As you may have seen from Straw’s subsequent comments as reported in some media including the Times of Israel and Jerusalem Post…he doesn’t dispute what Einat said he said, rather he denies that it was anti-Semitic. He clarified his comments in a statement he issued this week that “the problems which faced President [Barack] Obama from AIPAC and the ‘Israeli lobby’ more generally” had “pointed out that Prime Minister Netanyahu was a player in domestic US politics, on the Republican side, and that under US political funding rules (or their absence) huge sums were spent by AIPAC in support of some elected politicians (or candidates), and against others”.
What that statement is clearly implying [ed. my italics], and perhaps it was less subtle in his actual comments, that Jewish money is controlling American politics to negatively influence American foreign policy in favour of Israel. In other words, there is an international Jewish conspiracy that is preventing Middle East peace. At the heart of this debate is whether such claims are anti-Semitic. I would argue that taking classic anti-Semitic rhetoric, such as “Jewish money controls the world”, and using it in the context of the Israeli/Palestinian conflict, as Straw did so unapologetically, is still anti-Semitic rhetoric.
Do you agree?
It is important to add, that on a factual basis, Mr. Straw’s comments quoted above are objectively false. As you may recall, Mitt Romey and Newt Gingrich, who both received stupid amounts of campaign funding from Sheldon Adelson, a strong supporter and ally of Netanyahu, lost their elections. Lee Rosenberg, one of Obama’s staunchest Jewish allies in the 2008 campaign, later became president of AIPAC. AIPAC does a good job of making sure they are politically neutral. As much money was spent by Jews electing Obama and other democrats as was spent on republican campaigns, but that is less relevant, although Mr. Straw might not be aware of the overwhelming support democrats, including Obama, receives from Jews (69% of Jews voted for Obama in 2012).
Of course, AIPAC does lobby for Israel’s interests. But if Mr. Straw’s belief that the lobbying for Israel is taking pressure off of Israel to resolve the conflict with the Palestinians, isn’t it logical to assume that Jewish money is causing pressure on the Palestinians to resolve the conflict with Israel? That is to say, the absence of Jewish funding to the Palestinian cause has not enabled American pressure on the Palestinians to resolve the conflict. Was it the Israel lobby that forced Arafat to reject Barak and Clintons peace offer in 2000? Was it the Israel lobby that forced the Arab states to reject the partition plan in 1947?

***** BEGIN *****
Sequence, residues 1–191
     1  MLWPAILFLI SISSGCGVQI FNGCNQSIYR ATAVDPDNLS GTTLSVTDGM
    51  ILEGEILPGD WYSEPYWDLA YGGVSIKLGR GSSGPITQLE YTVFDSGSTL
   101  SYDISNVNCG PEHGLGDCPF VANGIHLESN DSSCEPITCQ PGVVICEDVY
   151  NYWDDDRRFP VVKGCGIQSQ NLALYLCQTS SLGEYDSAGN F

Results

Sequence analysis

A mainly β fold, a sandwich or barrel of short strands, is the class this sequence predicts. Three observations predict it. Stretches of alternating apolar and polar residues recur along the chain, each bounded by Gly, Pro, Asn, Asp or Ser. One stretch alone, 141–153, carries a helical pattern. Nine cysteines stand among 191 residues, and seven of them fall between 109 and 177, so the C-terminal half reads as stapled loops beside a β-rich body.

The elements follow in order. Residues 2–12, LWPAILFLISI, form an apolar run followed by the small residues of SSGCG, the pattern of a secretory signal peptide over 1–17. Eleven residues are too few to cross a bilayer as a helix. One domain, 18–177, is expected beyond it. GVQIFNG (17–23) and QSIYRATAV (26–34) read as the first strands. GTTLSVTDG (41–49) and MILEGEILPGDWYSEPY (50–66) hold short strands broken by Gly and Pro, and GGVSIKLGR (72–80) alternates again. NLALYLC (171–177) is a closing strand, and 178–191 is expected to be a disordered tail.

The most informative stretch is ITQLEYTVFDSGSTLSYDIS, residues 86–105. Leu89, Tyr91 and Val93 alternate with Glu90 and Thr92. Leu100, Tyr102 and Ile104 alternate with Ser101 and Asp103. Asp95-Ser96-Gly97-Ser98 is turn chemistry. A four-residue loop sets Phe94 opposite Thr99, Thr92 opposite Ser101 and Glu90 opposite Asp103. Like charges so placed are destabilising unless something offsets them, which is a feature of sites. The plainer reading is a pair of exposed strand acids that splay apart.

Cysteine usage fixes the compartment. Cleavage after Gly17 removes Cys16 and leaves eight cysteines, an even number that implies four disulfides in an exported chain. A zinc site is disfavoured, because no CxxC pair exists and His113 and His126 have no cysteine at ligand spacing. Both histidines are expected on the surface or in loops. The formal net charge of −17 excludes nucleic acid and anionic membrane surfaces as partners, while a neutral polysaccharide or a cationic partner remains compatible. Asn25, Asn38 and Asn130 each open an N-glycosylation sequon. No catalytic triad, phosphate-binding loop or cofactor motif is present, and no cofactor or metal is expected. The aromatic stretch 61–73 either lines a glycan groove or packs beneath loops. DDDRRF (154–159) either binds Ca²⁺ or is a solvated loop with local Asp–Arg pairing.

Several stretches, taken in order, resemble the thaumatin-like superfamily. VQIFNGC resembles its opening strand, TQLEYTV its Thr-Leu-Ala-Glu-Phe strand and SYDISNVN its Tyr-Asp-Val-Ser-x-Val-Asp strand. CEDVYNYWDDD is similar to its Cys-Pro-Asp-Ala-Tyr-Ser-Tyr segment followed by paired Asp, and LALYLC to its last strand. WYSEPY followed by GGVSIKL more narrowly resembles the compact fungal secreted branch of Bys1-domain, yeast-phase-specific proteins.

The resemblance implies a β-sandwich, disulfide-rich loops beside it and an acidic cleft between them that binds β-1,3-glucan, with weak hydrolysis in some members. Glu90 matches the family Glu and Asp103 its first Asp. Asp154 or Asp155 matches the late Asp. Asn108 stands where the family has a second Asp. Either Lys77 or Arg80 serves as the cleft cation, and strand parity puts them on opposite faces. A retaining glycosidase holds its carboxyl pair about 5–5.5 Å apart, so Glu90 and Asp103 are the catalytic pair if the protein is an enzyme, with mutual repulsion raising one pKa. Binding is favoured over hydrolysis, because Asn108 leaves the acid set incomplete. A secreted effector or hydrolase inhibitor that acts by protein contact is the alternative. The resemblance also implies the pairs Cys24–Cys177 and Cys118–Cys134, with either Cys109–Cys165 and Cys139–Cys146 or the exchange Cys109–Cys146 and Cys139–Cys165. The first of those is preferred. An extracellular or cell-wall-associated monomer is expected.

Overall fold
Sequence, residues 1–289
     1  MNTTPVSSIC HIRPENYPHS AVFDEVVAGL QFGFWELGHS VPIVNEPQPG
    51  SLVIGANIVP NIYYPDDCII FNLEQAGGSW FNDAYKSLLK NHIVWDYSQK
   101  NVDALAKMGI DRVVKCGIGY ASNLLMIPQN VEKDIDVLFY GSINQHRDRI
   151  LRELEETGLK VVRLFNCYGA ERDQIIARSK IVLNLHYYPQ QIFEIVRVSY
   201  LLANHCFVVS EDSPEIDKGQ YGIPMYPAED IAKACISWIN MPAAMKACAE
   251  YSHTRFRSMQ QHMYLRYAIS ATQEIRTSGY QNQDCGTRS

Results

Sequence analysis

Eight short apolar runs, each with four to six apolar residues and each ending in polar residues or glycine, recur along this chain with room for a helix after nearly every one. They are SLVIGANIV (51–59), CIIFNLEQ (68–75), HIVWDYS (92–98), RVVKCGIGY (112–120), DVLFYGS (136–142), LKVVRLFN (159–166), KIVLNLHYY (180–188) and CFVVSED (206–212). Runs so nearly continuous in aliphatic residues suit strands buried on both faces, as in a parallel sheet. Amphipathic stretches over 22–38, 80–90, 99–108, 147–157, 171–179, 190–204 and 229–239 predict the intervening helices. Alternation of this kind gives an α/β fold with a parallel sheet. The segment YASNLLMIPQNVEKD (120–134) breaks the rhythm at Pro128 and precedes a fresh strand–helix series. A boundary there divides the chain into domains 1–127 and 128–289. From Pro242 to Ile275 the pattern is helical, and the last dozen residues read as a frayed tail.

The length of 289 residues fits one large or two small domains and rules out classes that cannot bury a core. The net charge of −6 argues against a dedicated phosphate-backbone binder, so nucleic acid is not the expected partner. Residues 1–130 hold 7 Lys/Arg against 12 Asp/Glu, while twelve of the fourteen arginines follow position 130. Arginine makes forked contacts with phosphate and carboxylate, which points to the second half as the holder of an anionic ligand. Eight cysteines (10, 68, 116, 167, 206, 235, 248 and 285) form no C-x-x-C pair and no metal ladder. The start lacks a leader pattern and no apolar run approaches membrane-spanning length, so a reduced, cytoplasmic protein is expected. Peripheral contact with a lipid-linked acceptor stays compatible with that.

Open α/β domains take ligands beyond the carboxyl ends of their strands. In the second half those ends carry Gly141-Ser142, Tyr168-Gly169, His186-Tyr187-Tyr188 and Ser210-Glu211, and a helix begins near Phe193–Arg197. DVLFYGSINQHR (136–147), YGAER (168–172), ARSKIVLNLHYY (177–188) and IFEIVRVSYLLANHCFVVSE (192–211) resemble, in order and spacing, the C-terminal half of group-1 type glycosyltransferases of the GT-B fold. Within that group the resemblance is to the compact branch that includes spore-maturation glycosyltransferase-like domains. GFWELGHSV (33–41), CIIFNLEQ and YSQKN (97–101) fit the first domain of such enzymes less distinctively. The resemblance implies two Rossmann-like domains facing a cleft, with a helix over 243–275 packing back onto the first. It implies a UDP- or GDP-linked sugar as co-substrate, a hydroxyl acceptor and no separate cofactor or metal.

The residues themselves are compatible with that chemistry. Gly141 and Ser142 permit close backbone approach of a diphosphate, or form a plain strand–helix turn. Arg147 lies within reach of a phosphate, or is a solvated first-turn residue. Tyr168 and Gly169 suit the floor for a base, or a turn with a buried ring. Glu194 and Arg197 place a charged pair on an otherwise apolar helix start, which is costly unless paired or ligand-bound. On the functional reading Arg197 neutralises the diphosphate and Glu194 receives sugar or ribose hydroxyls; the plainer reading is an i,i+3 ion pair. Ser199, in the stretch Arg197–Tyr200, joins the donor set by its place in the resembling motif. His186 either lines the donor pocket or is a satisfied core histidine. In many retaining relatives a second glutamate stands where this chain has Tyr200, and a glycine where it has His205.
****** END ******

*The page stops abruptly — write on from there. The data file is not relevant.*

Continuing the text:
If the Israel lobby in the US ceased to exist, perhaps American politicians and the general public would be less informed about Israel, but it wouldn’t change the intractable nature of the Arab/Israeli conflict.
So much bizarre logic and unexamined assumptions here, where does one even begin?
I wrote back to Slepkov noting that he stated that Straw “implied” that “Jewish money” undermined the Israel-Palestine peace process. But I pointed out that Slepkov’s use of the term “implying” was itself an interpretation of what Straw said, not what he actually said. I asked once again if the could produce any original evidence of what he actually said.
Slepkov’s reply was a stunner:
In case my email below wasn’t clear, there is no dispute with what Mr. Straw said. I accept Mr. Straws version of what he said. I simply explained why such statements are anti-Semitic.
Do you think it is anti-Semitic to say that there is an international jewish conspiracy to control the world?
Here is the crux of the matter. Is it anti-Semitic to state what seems obvious: that tons of cash (hundreds of millions of dollars) donated by American Jews at the behest of the Israel Lobby have a toxic effect on the peace process?
Those donors give that money to protect Israel’s interests before Congress and the executive branch. The Lobby’s definition of “Israel’s interests” includes limiting any pressure on Israel to make any compromises or concessions to the Palestinians. This power and these funds ensured the U.S. would veto a Security Council resolution criticizing Israeli settlements, and veto a resolution calling for UN recognition of a Palestinian state. Saying that this phenomenon is harmful is almost stating the obvious, rather that what Slepkov-Wilf say it is.